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Hot Scotch Bonnet Pepper Sauce, Super Delicious!


Scotch Bonnet pepper sauce Net Wt.185ml. Seriously HOT! Get yours today.  It’s made with fresh West Indian red Scotch bonnet peppers and lots of spices.

Availability: 23 in stock

Hot Scotch Bonnet Pepper Sauce

Walkerswood Hot Jamaican Scotch Bonnet Pepper Sauce

Net Wt. 185ml contents | Product of Jamaica | St Ann parish

This sauce is made from Jamaican Scotch Bonnet hot peppers. Add a dash to wake up any savoury dish. Go easy! SHAKE WELL.

This is hot yet distinctly flavoured sauce has an unmistakable aroma, Scotch Bonnet Pepper has become a staple in Jamaican cuisine. This sauce should be used sparingly and can enhance almost any savoury dish.

Be sure to get yours today! Learn more about the village of Walkerwood. This is a great way to add flavour to your no so spicy dishes, what we have been told is an excellent pro tip: Spice up your BBQ sauce dash it in.

Ingredients: Water, Scotch Bonnet Peppers,Vinegar, Corn Starch, Salt, Acidity regulator, Scallions, Onions,Thyme.

About the Scotch Bonnet Pepper

The Scotch bonnet, known by various monikers such as bonney peppers or Caribbean red peppers, stands as a distinctive variety of chili pepper.

Its nomenclature is derived from a striking resemblance to the traditional Scottish tam o’ shanter hat.

This fiery and flavorful pepper has carved a niche for itself in the culinary world, with its unique appearance and robust taste leaving an indelible mark on various cuisines.

Beyond their intense heat, these peppers offer a complex flavor profile, featuring fruity and sweet undertones that contribute to their popularity in Caribbean and West African cuisines.

It is ubiquitous in West Africa as well as the Caribbean. Like the closely related habanero, Scotch bonnets have a heat rating of 100,000–350,000 Scoville units.For comparison, most jalapeño peppers have a heat rating of 2,500 to 8,000 on the Scoville scale.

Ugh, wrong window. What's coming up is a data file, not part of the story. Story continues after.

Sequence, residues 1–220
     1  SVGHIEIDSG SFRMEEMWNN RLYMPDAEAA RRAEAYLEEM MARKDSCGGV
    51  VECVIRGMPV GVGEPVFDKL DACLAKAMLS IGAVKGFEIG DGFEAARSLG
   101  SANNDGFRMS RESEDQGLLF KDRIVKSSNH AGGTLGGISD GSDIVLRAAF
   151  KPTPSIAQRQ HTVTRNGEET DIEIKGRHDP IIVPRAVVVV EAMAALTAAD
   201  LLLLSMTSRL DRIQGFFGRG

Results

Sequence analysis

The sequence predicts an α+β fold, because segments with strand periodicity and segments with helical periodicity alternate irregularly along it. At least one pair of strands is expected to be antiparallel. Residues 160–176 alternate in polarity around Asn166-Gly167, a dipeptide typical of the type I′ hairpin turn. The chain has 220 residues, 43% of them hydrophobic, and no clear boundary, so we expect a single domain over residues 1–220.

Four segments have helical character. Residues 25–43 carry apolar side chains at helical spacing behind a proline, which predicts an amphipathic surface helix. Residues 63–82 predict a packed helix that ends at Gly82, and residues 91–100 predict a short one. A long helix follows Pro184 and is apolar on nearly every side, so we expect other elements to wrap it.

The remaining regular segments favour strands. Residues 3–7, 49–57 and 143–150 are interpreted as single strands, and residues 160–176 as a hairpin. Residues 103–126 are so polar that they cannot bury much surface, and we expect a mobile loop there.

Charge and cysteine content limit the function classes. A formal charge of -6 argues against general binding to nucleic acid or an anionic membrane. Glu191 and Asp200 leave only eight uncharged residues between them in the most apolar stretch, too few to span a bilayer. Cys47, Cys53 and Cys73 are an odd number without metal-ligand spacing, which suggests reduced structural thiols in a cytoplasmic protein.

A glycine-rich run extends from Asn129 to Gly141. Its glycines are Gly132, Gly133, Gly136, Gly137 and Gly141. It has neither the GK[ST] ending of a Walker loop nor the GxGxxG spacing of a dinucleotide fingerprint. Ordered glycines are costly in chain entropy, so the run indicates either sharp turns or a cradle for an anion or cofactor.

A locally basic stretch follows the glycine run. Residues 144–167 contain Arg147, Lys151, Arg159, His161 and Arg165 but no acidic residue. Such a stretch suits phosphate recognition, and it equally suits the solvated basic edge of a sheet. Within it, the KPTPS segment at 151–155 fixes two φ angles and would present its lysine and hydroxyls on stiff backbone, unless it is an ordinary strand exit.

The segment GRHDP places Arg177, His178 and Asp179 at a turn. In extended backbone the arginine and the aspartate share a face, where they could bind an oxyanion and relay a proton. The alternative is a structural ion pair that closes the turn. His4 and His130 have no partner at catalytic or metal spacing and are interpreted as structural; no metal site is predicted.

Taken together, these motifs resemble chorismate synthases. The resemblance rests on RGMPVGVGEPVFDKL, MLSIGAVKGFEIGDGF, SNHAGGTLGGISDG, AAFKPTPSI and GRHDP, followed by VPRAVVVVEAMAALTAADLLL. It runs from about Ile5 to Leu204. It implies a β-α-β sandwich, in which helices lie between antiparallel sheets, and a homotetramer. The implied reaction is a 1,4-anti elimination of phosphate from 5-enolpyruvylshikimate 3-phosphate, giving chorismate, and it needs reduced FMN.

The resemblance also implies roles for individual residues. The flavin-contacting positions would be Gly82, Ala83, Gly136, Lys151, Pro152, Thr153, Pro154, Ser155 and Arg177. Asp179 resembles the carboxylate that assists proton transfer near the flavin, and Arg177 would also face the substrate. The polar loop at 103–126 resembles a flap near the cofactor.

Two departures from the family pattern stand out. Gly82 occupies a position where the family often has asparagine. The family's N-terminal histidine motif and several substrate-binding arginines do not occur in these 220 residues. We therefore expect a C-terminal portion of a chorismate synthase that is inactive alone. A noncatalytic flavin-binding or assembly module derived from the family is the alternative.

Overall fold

In Caribbean culinary traditions, Scotch bonnets are a cornerstone ingredient, contributing not only heat but also depth of flavor to iconic dishes such as jerk chicken, pepper pot soup, and various hot sauces.

The pepper’s versatility extends to home kitchens worldwide, where adventurous cooks incorporate it into salsas, marinades, and other recipes to infuse a bold and unforgettable kick.


How to Flavour

These peppers are used to flavour many different dishes and cuisines worldwide and are often used in hot sauces and condiments.

The Scotch bonnet has a sweeter flavour and stouter shape, distinct from its habanero relative with which it is often confused, and gives jerk dishes (pork/chicken) and other Caribbean dishes their unique flavour.

Scotch bonnets are mostly used in Maldivian, West African, Antiguan, Kittitian/Nevisian, Anguilan, Dominican, St. Lucian, Martinican, Guadeloupean, St Vincentian, Grenadian, Trinidadian, Jamaican, Barbadian, Guyanese, Surinamese, Haitian and Cayman cuisines and pepper sauces, though they often show up in other Caribbean recipes.

It is also used in Nicaragua, Costa Rica and Panama for Caribbean-styled recipes such as rice and beans, rondón, saus, beef patties, and ceviche. Scotch bonnet is also prominent in the cuisine of the Maldives where it is called githeyo mirus.

Weight 0.420 kg
Dimensions 18 × 5.5 × 5.5 cm


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